World's longest insect is in top 10

29 May 2009

The world's longest insect, currently on display at the Natural History Museum, has been voted one of the top 10 species of 2008, it was reported last week.

Experts at the International Institute for Species Exploration (IISE) at Arizona State University chose the 56.7cm-long stick-insect from the thousands of new species named in 2008.

Other species in this year's top 10 list include a pea-sized sea-horse, a palm that flowers itself to death and a caffeine-free coffee bean.

A new species
Datuk Chan Chew Lun donates this spectacular specimen to the Museum.

Datuk Chan Chew Lun donates this spectacular specimen to the Museum.

The new stick-insect, from Borneo, was given its scientific name Phobaeticus chani in 2008 (Chan's Megastick is its common name).

‘This species fully deserves its place on the IISE list since it isn't every day that a newly discovered species beats the previous holder to the title of world's longest insect.,’ says George Beccaloni, stick-insect expert at the Natural History Museum.

‘The previous record holder was champion for over 100 years until Chan's Megastick unexpectedly dropped out of a rainforest tree.’

Virtually unknown

Virtually nothing is known about Phobaeticus chani's biology and ecology, although it is thought to live in the canopy of the rainforest, making it especially hard to find.

Stick-insect at the Museum

The super-sized female specimen was named and studied by Dr Philip Bragg and was then donated to the Natural History Museum by Datuk Chan Chew Lun.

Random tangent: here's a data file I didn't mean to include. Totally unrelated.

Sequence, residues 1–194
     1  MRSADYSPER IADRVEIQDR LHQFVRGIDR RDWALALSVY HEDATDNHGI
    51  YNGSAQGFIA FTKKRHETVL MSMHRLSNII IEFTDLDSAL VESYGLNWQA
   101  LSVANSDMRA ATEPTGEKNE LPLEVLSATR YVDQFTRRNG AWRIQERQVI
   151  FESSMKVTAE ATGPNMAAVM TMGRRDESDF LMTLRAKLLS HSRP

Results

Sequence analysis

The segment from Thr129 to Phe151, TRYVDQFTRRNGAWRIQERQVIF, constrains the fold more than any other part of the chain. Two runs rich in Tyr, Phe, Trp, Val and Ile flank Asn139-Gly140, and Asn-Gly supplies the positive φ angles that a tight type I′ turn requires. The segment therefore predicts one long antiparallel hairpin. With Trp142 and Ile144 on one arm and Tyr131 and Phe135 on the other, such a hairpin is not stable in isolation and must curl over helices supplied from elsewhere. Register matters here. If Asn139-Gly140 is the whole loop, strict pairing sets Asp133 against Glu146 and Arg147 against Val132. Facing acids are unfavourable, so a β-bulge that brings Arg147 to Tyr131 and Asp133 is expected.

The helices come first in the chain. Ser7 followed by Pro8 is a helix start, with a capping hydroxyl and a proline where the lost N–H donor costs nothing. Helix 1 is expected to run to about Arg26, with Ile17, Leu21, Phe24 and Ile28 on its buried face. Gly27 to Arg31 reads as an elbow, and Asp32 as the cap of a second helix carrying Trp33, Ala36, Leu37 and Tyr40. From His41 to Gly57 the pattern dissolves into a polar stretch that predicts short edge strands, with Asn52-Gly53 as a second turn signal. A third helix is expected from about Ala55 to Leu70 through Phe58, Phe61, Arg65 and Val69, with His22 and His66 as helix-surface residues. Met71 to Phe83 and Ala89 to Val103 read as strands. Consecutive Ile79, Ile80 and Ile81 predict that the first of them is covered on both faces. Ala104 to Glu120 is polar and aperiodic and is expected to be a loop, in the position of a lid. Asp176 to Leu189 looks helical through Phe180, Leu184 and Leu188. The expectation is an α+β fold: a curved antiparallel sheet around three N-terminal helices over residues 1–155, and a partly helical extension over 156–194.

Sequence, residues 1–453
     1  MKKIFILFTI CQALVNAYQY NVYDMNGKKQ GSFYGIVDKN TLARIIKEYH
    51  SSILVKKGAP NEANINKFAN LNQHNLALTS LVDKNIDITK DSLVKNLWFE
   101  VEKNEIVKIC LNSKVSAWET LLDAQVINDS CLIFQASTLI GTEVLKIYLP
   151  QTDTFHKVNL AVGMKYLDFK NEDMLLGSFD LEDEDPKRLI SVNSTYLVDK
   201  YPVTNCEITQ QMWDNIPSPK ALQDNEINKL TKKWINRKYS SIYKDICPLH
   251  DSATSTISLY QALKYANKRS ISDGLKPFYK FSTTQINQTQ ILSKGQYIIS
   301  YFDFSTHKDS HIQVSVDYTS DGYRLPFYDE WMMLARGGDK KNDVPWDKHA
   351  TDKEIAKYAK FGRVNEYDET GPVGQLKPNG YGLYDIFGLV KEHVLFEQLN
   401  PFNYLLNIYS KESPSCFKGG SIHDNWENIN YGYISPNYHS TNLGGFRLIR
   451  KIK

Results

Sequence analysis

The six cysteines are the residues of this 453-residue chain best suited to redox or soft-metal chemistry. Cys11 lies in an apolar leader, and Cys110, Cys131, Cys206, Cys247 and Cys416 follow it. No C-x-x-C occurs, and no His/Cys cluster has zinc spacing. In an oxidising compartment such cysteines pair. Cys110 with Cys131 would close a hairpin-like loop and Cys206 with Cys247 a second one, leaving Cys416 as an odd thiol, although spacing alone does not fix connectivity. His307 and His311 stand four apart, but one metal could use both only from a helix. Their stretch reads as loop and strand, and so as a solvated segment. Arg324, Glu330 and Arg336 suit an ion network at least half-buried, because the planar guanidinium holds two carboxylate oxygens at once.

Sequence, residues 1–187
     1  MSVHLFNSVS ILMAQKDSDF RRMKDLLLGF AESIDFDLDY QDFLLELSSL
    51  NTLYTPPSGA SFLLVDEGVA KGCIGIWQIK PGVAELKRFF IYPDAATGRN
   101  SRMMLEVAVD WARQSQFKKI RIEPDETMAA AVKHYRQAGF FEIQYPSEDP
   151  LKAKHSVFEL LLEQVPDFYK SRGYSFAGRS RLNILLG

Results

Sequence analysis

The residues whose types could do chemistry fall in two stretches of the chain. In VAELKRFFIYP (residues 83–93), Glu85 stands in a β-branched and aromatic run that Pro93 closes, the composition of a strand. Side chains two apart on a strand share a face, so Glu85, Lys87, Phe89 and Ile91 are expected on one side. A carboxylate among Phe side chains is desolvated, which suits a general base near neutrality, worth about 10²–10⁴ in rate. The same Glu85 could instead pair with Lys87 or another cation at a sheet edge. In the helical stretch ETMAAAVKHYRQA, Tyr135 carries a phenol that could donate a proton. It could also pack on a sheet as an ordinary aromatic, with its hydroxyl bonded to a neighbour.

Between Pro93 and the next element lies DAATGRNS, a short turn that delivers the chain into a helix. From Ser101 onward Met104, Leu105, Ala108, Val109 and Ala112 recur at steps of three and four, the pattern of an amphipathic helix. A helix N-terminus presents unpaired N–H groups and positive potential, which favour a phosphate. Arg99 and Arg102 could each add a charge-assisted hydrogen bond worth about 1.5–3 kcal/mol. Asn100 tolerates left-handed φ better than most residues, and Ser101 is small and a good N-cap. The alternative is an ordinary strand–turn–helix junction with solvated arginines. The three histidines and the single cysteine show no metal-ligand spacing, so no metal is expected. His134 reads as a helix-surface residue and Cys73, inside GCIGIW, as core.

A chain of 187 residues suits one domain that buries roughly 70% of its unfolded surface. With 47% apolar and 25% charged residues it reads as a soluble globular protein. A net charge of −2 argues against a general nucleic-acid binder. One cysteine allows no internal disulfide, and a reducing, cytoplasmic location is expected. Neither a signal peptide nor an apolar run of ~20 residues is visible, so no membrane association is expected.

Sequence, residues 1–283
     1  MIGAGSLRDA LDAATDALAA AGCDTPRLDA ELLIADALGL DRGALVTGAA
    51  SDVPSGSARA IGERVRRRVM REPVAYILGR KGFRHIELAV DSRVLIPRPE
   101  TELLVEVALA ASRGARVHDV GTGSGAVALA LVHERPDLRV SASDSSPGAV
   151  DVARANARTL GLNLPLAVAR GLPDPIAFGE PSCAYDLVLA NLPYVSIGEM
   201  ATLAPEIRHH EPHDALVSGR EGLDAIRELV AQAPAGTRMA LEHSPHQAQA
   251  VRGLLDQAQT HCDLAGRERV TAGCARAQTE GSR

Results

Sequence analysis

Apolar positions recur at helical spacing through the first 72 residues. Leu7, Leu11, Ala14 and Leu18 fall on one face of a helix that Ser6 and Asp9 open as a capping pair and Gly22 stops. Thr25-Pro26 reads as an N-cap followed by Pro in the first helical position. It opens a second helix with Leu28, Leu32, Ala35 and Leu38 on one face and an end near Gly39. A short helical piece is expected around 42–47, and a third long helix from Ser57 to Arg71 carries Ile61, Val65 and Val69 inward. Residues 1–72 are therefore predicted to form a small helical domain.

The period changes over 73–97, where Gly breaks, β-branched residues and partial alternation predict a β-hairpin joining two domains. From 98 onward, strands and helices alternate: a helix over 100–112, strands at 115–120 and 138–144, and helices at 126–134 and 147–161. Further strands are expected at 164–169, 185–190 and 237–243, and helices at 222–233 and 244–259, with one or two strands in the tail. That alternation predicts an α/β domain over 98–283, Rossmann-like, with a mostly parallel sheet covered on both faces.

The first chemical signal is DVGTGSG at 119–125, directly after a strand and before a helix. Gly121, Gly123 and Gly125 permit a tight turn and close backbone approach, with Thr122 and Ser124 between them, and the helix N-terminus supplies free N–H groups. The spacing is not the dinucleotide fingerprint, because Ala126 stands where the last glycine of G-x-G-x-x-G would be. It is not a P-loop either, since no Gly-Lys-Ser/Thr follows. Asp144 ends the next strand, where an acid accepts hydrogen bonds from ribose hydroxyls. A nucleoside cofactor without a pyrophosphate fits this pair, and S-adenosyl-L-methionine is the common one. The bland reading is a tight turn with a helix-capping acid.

The spectacular specimen is currently on display in the Museum’s Creepy Crawlies gallery.

Variety of life
Close-up of head of stick-insect Chan's Megastick

Close-up of head of stick-insect Chan's Megastick

Each year thousands of new plants and animals are discovered by scientists. 

Some are extinct like the 500-million-year-old marine predator Hurdia Victoria, and some are still living such as the Dracula minnow, a tiny zebrafish with huge teeth, from Myanmar.

Scientists estimate there are between 5-50 million species on the planet and only 1.8 million of them have been named so far.

Need for taxonomy

Taxonomy experts are needed to help understand this great diversity of life. They name and describe living and fossil organisms as well as try to determine how they are related to one another.

The world-class collections at the Museum include around 70 million specimens. They are studied by taxonomists and scientists, working at the Museum and from around the world. 

Top 10 nominations

Nominations for the IISE top 10 list were made by the public as well as experts. The final ten were chosen by an international group of taxonomists.

  • by Yvonne Da Silva
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